So if you’re an experienced herb user who prefers capsules, or you’re a new herbal user looking for a place to start, we highly suggest trying our encapsulated herbs. If the herb you seek is not one we encapsulate, then we hope you will reference this article and choose a brand that speaks to the important characteristics that embody a quality herbal supplement.

Originally Published Summer 2011

Infused Herbal Oils & Essential Oils What’s the Difference?

The term “oil” in herbal medicine can be a confusing matter without clarifying exactly what type of “oil” we are talking about. The generic term oil can refer to two distinct herbal preparations. In one type, herbs are extracted with a fixed oil, usually vegetable oil, to make infused herbal oil intended primarily for use on the skin. The other products, essential oils, are phytochemical constituent groups isolated from aromatic herbs. An important point here is that essential oils are both plant constituents and when isolated from the plant, herbal products.

Culinary oils like Olive oil used in making infused herbal oil are lipids or fats. Lipid-based oils are also known as fixed oils because they are non-volatile. Fixed oils consist in part of fatty acid chains and are best known in the realm of nutrition. The highest quality fixed vegetable oils are cold-pressed from the fatty fruits and seeds whose names they bear. Olive and sesame oils are the most commonly used oils in herbal dietary supplements today, but many others can be found in herbal cosmetic products.

To make infused herbal oils like Calendula and St. John’s Wort, Herb Pharm uses a traditional process called digestion. Digestion is a very low heat, prolonged extraction designed to draw out the plant’s bioactive compounds. Herb Pharm uses food-grade, cold-pressed, certified organic extra virgin Olive oil to make our infused oils. Fixed oils dissolve many of the same compounds that dissolve in pure alcohol and the resulting infused oil represents a whole herb extract of the plant.

Fixed oils are distinct from the very fragrant essential oils. Essential oils are highly aromatic, volatile plant oils that are commonly used as fragrances, flavorings and in aromatherapy. These oils tend to evaporate or volatilize fairly easily at moderate temperatures. It is this volatile character that allows their aroma to reach your olfactory receptors and be perceived as fragrant. Natural essential oils occur in complex combinations that have a fairly specific composition for each plant. In herbs like Peppermint, Lavender and Cinnamon, the unique phytochemical composition of each essential oil is responsible for the highly distinctive aroma of the plant.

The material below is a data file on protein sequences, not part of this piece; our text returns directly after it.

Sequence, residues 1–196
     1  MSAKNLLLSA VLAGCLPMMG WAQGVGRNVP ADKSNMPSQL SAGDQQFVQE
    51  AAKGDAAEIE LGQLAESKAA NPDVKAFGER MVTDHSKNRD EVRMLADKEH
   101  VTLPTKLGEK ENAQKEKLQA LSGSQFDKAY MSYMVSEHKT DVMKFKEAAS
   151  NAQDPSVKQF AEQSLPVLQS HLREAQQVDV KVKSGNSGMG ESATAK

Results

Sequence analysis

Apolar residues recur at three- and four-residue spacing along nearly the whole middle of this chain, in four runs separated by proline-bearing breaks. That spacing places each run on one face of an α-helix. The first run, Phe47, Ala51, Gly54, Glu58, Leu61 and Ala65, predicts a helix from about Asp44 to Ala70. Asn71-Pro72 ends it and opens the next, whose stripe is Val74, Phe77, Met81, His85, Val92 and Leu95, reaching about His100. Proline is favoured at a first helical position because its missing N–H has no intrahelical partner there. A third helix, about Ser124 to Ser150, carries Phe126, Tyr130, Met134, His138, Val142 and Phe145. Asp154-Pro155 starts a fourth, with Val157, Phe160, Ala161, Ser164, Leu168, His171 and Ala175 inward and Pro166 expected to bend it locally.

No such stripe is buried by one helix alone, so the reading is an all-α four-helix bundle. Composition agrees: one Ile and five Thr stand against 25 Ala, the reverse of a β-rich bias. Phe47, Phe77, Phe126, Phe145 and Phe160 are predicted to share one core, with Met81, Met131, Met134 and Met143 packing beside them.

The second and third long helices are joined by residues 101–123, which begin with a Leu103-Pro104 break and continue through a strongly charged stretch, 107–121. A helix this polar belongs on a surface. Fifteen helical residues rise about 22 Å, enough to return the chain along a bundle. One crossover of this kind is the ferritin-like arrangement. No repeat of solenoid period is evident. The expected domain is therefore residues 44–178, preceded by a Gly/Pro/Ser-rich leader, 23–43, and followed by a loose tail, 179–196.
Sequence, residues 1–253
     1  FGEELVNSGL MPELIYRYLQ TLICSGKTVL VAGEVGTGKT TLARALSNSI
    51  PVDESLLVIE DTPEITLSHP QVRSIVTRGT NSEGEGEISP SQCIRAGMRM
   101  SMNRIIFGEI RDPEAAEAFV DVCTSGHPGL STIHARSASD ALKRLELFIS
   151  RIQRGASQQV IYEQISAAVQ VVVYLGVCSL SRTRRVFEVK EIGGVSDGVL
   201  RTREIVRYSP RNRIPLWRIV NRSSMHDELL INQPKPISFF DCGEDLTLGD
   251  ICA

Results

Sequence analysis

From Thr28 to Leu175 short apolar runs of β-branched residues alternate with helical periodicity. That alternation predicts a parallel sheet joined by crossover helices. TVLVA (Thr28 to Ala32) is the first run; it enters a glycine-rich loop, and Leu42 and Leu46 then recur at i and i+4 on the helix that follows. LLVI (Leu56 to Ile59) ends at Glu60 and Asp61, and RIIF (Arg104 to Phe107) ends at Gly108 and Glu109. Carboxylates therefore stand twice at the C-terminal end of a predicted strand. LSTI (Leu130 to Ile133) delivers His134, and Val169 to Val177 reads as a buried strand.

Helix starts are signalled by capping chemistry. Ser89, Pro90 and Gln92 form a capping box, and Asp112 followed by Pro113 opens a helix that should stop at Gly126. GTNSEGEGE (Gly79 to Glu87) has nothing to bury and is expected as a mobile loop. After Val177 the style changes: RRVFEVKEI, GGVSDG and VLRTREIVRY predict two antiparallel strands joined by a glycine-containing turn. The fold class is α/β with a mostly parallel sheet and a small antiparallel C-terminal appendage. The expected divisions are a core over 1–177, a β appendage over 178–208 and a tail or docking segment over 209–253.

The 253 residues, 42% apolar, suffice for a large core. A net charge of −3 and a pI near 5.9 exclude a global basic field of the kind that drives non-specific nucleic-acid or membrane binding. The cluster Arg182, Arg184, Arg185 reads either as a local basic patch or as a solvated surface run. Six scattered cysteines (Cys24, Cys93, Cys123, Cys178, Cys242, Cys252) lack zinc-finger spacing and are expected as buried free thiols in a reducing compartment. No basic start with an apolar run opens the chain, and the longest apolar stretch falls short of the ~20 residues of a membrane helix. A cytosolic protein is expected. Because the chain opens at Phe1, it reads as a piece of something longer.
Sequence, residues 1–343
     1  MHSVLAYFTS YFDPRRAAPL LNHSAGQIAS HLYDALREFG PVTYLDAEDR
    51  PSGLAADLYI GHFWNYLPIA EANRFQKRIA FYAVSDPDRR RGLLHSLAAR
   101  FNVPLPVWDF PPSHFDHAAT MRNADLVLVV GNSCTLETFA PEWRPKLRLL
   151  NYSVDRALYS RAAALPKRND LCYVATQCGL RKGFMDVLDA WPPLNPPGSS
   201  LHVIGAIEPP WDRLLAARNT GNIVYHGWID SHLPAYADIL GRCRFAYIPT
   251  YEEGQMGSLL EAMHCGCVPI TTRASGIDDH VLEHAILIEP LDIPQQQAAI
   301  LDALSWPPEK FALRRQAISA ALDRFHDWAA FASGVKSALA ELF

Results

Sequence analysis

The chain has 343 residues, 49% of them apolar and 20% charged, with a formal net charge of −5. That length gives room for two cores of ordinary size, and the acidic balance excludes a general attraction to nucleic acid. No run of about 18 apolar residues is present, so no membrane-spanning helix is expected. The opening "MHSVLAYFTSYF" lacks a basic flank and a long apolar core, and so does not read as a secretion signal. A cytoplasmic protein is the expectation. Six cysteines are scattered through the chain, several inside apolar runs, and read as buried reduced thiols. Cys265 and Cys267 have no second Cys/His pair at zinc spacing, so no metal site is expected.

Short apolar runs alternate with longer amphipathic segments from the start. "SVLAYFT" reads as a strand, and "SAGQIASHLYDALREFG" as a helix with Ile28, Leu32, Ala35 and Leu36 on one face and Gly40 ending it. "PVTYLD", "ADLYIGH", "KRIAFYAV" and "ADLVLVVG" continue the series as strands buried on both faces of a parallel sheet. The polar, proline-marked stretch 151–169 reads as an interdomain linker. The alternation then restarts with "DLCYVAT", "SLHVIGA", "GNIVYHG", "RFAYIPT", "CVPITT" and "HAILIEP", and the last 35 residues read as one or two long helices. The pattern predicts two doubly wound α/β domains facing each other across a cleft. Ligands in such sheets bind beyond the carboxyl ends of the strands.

Essential oils can be separated from plant material by extracting them with certain types of solvents and in many cases by passing steam through the herb. Some essential oils are collected by simply pressing the fresh plant, as in the case of Orange oil used to flavor Children’s Echinacea™. Steam distillation is widely used to produce essential oils and is the method used for our Tea Tree oil and other essential oils we use as ingredients. We eschew chemical solvents and never use essential oils that are extracted with them.

The chemistry is complex, but it is the hydrophobic or water-repelling nature of essential oils that allows for their isolation and collection through steam distillation. And since both essential oils and fixed oils are hydrophobic, they are very compatible with each other. Fixed oils are commonly used as carriers and diluents for very strong essential oils. This combination is commonly seen in products like massage oil.

In line with the “like dissolves like” principle, essential oils are also highly soluble in strong alcohol. This forms the basis for the old pharmaceutical preparations known as “spirits.” Herb Pharm makes several spirits as combinations of a liquid extract or tincture with the essential oil of the plant rather than a simple alcohol solution of the essential oil. Our spirits include Oregano Spirits™ and the very popular Peppermint Spirits. One similar product is Erigeron/Cinnamon Compound that combines essential oils of these two plants in high alcohol. Another related product is Friar’s Balsam that contains several balsams, which are chemically closely related to essential oils, dissolved in alcohol.

Tea Tree Oil represents the only essential oil product that Herb Pharm carries. In all other cases the essential oils we use are ingredients in other products, but our Tea Tree is a pure, standalone essential oil. Essential oils represent large quantities of plant material and are therefore very powerful plant derivatives that should be used sparingly and carefully.

In contrast, the infused oils like those made from Calendula, Arnica and St. John’s Wort are very soothing to skin because of their fixed oil bases. Each of these herbs brings their vulnerary or skin healing properties to their respective infused oils. These single oils are also combined in our aptly named Trauma Oil™. Two other special oil-based formulas are our Mullein/Garlic eardrops and Herb Pharm’s Original Salve™. While tinctures or liquid extracts comprise the bulk of our product line, these two distinct categories of oils are important contributions to the Herb Pharm medicine chest. Our infused oils constitute a very visible and significant part of our external product profile. Herb Pharm’s essential oils may not be as apparent, but they establish a noteworthy category of flavoring and active ingredients throughout our products.

Originally Published in June 2010

American Herbalists Guild 20th Annual Symposium